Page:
- buy quality materials, items and services economically from reliable sources;
- ensure timely delivery through the selection of capable and efficient suppliers;
- continuously locate, evaluate and develop economical and reliable supply sources;
- identify the most reliable sources of supply through either open tender, multi-stage tendering (pre-qualifying suppliers and retaining only those that are capable of meeting the organisation's requirements - strategic sourcing) and limited tendering. For more information, see Types of tender in the Annexes;
- investigate the availability of new materials and monitor trends in market prices;
- buy in accordance with organisations policies;
- estimate, position and monitor appropriate levels of stocks based on estimated needs, operational policy, objectives and priorities, estimated time for replenishment and availability of funds; and
- participate in planning and coordinating purchasing needs across all central procurement teams and the field in order to reduce administration and make the best use of money spent.
- role of procurement in the organisation and its structure;
- procurement professional ethics;
- sourcing strategy;
- donor guidelines; special purchasing requirements on grants;
- USAID guidelines: Grant Regulations Admin Requirements
- ECHO guidelines: grant agreement, general conditions to grants agreements, agreement guidelines, framework partnership agreement, Annex 1: single form guidelines, single form for humanitarian aid action, Fact Sheets, financial guidelines, rules and procedures applicable within the framework - Annexe 4, New Consolidated Humanitarian Aid Regulation.
- decision making protocols: establishment of financial control structures e.g. expenditure limits and guidelines, approval/decision making levels, constitution of procurement committees, etc;
- when to buy locally or Internationally (procurement strategy);
- ethical practices:
- conflict of interest
- declaration of Interests
- supplier relations and ethical practices
- special purchasing requirements on grants;
- purchasing requirements for items with special storage needs;
- pre-determined sources of supply. Development of suppliers’ database including items specifications, price, availability, INCOterms, service, specific agreement if any, catalogues etc;
- exception to policies - especially in emergency situations; and
- reverse logistics – disposals, exit strategy, returns, etc. inclusion of return and replacement processes to be adopted for expired stock to vendors.
To be able to purchase the right goods or services, the specifications of what the user/beneficiary needs must be clear. These specifications are used to communicate to the supplier what is needed and what should be supplied. It is therefore important to have clear, precise and accurate specifications. Most organizations have standard specifications for the most regularly procured items and services such as medical and construction. One example is of Inter-Agency working groups who have developed standards to facilitate the establishment of common framework agreements. (See Plastic Sheeting and Blankets specifications)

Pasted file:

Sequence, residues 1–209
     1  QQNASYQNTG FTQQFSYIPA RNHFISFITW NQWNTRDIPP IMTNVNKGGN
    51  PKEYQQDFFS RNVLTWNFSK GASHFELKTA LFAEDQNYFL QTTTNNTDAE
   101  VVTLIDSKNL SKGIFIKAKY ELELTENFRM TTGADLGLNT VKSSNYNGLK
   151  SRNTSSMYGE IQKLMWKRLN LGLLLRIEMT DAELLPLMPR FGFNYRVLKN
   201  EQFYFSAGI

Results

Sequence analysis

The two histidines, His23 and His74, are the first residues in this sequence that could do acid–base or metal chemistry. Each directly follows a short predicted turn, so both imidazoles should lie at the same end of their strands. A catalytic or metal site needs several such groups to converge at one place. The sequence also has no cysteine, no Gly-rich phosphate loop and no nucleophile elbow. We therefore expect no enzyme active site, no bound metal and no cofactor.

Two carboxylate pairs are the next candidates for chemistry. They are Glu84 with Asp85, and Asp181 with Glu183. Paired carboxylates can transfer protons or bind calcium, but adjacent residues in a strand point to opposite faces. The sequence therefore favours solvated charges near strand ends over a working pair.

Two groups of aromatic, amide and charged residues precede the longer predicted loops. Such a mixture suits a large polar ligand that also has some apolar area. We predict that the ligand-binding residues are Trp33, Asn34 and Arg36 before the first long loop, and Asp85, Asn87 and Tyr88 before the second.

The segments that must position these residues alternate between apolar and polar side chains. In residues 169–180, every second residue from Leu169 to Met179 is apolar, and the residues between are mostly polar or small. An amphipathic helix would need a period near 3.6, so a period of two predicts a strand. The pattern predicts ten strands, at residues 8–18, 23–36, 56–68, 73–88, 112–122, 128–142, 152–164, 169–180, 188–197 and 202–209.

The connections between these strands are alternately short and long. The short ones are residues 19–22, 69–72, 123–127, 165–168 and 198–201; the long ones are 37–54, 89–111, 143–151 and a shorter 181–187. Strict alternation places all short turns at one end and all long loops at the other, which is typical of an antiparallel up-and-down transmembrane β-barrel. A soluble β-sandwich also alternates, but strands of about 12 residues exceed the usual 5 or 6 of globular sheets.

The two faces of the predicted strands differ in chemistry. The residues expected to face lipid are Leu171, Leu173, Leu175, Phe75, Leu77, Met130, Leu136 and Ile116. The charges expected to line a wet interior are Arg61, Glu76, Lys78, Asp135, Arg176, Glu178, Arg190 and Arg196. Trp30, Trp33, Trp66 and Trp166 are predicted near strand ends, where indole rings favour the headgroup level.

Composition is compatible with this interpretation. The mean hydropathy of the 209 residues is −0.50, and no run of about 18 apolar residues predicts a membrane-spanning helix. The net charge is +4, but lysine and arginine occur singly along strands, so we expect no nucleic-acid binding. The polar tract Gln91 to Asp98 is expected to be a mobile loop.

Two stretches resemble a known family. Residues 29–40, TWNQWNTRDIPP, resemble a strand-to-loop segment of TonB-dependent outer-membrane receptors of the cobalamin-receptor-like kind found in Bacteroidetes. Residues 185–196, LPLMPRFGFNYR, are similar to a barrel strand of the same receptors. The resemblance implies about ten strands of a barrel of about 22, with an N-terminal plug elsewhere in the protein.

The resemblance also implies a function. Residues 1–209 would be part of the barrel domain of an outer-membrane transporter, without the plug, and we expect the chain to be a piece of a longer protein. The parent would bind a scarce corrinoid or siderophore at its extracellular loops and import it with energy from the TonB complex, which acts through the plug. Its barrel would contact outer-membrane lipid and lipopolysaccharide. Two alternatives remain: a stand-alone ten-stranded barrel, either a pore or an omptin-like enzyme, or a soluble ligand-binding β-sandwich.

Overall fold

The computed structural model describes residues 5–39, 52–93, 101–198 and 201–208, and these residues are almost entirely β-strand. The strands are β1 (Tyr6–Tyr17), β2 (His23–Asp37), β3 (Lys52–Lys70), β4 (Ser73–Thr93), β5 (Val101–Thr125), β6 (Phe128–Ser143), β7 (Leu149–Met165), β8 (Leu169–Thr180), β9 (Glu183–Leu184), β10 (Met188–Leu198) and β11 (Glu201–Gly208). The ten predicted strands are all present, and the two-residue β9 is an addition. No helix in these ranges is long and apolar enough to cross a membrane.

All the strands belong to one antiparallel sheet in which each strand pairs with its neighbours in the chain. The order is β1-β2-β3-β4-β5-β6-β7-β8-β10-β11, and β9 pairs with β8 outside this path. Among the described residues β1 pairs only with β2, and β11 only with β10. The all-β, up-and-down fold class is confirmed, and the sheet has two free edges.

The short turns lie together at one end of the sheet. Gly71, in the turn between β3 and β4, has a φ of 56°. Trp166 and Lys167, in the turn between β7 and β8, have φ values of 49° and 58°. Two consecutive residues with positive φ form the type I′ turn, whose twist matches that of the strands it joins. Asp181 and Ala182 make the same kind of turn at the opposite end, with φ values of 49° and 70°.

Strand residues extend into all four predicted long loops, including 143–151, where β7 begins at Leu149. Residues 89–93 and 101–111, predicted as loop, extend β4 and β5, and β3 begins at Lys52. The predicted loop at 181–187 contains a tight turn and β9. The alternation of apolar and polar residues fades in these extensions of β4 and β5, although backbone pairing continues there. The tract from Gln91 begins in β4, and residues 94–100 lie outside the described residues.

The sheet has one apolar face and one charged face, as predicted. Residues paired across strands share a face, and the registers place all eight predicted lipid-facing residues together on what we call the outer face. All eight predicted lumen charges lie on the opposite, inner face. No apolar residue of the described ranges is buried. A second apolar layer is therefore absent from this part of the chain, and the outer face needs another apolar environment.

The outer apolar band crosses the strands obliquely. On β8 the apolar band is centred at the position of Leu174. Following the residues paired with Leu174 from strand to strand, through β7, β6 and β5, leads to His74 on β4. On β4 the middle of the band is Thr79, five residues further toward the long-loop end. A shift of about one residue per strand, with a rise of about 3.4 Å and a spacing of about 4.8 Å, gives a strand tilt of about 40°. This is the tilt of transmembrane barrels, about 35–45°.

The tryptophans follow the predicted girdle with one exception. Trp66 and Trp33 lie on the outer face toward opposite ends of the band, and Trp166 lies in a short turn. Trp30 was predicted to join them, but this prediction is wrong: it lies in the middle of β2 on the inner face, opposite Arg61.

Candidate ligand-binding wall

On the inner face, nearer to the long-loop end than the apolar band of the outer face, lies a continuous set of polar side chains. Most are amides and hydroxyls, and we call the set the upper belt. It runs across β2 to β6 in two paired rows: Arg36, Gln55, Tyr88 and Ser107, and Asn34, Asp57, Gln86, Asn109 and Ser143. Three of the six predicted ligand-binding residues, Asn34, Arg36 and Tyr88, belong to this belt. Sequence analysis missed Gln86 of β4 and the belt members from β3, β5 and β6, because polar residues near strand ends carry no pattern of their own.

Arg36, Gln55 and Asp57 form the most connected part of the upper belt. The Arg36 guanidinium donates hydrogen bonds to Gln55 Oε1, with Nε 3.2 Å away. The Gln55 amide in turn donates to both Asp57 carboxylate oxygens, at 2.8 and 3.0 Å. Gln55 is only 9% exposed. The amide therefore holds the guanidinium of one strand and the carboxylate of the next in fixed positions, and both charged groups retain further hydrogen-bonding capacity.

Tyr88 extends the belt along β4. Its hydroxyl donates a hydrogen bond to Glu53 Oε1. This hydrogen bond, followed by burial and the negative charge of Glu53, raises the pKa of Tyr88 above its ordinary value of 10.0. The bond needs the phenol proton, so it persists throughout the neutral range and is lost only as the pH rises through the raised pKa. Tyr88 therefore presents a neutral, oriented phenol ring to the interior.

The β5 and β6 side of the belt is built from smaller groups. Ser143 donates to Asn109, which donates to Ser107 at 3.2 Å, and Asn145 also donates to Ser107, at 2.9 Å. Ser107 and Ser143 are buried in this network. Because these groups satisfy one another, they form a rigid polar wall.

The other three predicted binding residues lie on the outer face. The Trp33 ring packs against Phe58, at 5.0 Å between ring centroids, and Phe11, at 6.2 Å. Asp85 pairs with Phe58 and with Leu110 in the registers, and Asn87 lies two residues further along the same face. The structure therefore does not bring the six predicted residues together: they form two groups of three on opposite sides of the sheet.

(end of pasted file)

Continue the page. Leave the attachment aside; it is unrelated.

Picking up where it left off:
The customers determine the specification. There is, however, an important role to be played by those responsible for purchasing the goods or services.
Steps in the sourcing process
The next step in the process involves placing orders for the goods or services with the supplier, or establishing contracts which need to be sent to suppliers. In emergency situations the approval levels and limits are adjusted, based on an approved process, to speed up the process of acquiring goods and services. Under normal circumstances, the approval processes may be more elaborate. The orders establish contractual relationships between the organisation and the supplier. Depending on the organisations guiding policies, this contractual relationship can be represented in various forms (see attachments in Annexes):
Important features of a contract or agreement:
For information on international trade, see International Commercial Terms used in international contracts of sale: INCOTERMS 2000 , INCO terms explanation, INCOTERMS narrative, INCOTERMS practical application chart.
- lead-time / delivery time
- date of issue
- serial number
- terms and conditions (including penalties)
- INCOTERMS / place of delivery
Procurement must be seamlessly integrated with the other aspects of Logistics and functions within the organisation, such as Warehousing, Distribution, Finance, HR, etc. An integrated approach to service delivery will no doubt contribute to the timely, efficient and effective delivery of humanitarian assistance. Clear communication lines, timely flow of documentation and constant feedback will facilitate the procurement process. The involvement of the Logistics function in assessments will enable Logistics to plan for the delivery of services, but for Logistics to succeed, the procurement plan must be well integrated and visible in the overall response plan. In emergency situations, easily accessible logistics preparedness and response guidelines will help to fast track the development of a response plan, tailored for a specific situation.
Concern Worldwide Commodity Distribution Manual ECHO Procurement Guidelines